There have been a number of cases over the years about citizens being cited for giving the ancient hand gesture for “Don’t have a nice day” to members of law enforcement. The latest started way back in June of 2017 with a traffic stop involving driver Debra L. Cruise-Gulyas and Officer Matthew W. Minard in Taylor, Michigan.
Officer Minard had stopped Gulyas for speeding, but upon writing the traffic ticket he switched it a moving violation which is a lower (cheaper) offense than a standard speeding ticket. Before parting ways Gulyas decided to express her feelings for receiving a ticket in the first place by gesturing her middle finger at Officer Minard. Now it was Officer Minard’s turn to express his own feelings of distaste and stopped Gulyas again to write her up for the intended speeding offense. Gulyas decided to take it to court.
It took a panel of three judges to deliver the verdict from the United States Court of Appeals in the Sixth District. The key point in this case was that Officer Minard stopped her again immediately after the finger was gestured at him. Officer Minard tired to evoke “qualified immunity”, a doctrine designed to protect officials from lawsuits if they acted in good faith and not directly violating someone’s rights. That did not apply in this case however because of the second traffic stop for no reason other than payback for the rude gesture.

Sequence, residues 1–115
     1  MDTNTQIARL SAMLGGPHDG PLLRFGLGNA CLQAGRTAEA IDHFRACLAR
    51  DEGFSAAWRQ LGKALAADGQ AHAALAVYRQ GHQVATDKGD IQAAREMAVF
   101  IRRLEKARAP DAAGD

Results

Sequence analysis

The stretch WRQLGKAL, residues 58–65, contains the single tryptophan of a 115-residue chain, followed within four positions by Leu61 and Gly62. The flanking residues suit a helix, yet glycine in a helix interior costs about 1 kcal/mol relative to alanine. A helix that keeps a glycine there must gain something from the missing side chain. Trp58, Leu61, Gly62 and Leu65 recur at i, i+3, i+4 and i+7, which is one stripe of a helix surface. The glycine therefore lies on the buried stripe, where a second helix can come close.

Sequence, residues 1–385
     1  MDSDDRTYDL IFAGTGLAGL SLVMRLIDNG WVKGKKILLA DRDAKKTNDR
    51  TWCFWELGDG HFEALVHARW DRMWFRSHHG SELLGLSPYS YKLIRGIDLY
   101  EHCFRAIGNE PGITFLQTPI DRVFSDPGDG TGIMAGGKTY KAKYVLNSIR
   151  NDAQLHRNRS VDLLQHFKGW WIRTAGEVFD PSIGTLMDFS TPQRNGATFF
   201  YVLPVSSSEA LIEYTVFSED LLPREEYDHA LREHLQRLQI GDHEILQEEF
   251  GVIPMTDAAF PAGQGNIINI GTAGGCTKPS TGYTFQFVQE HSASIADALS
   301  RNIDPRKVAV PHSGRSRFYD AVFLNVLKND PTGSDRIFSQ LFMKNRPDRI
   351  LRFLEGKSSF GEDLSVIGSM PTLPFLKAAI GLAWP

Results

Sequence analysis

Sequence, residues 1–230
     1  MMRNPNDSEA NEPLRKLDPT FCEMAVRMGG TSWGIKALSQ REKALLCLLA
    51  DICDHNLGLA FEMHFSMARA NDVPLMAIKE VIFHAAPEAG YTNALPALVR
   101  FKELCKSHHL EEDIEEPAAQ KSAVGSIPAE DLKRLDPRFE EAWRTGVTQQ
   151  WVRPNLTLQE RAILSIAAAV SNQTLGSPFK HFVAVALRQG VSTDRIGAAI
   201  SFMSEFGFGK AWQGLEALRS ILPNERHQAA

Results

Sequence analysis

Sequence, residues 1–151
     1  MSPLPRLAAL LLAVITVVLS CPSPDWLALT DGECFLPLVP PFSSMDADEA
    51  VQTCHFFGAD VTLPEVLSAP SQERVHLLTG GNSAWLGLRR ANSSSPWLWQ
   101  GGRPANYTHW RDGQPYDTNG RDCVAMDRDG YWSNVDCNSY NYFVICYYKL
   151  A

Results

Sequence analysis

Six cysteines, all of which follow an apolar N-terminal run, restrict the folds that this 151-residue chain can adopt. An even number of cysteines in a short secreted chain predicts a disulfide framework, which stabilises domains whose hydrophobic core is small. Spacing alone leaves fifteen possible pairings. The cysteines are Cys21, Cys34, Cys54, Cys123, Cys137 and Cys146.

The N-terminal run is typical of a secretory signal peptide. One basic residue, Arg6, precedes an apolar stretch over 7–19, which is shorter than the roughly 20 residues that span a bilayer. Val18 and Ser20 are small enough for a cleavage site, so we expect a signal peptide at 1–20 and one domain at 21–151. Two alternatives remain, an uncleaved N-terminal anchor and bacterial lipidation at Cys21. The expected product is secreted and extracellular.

The court ruled that raising your middle finger at a police officer is within your First Amendment right as an American citizen. Is it a good idea though? Nope! I do not condone nor do I support anyone giving a cop the old “Up yours” hand gesture simply because you know it’s a protected right. It’s the same reason why you don’t walk into a dark cave. Sure there is nothing stopping you from doing it, but don’t act surprise if there is a bear in there. That’s just my own two cents for common sense.
If you read between the lines of this case one can assume that it boils down to 2 people who just couldn’t let it go. Both of them had to have the last word and now it’s nearly 2 years in court with probably a cringe worthy amount in court and attorney fees. So is there a moral to this story besides learning something about Free Speech? I think so, and that is “Be the bigger person”.